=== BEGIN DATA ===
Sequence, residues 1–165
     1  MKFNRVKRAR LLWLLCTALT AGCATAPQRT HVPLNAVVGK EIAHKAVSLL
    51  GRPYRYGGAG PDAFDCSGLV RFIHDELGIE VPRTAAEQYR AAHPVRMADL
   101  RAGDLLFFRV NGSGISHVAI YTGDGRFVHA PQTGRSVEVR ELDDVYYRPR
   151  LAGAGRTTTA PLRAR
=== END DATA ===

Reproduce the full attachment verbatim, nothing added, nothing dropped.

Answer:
Sequence, residues 1–165
     1  MKFNRVKRAR LLWLLCTALT AGCATAPQRT HVPLNAVVGK EIAHKAVSLL
    51  GRPYRYGGAG PDAFDCSGLV RFIHDELGIE VPRTAAEQYR AAHPVRMADL
   101  RAGDLLFFRV NGSGISHVAI YTGDGRFVHA PQTGRSVEVR ELDDVYYRPR
   151  LAGAGRTTTA PLRAR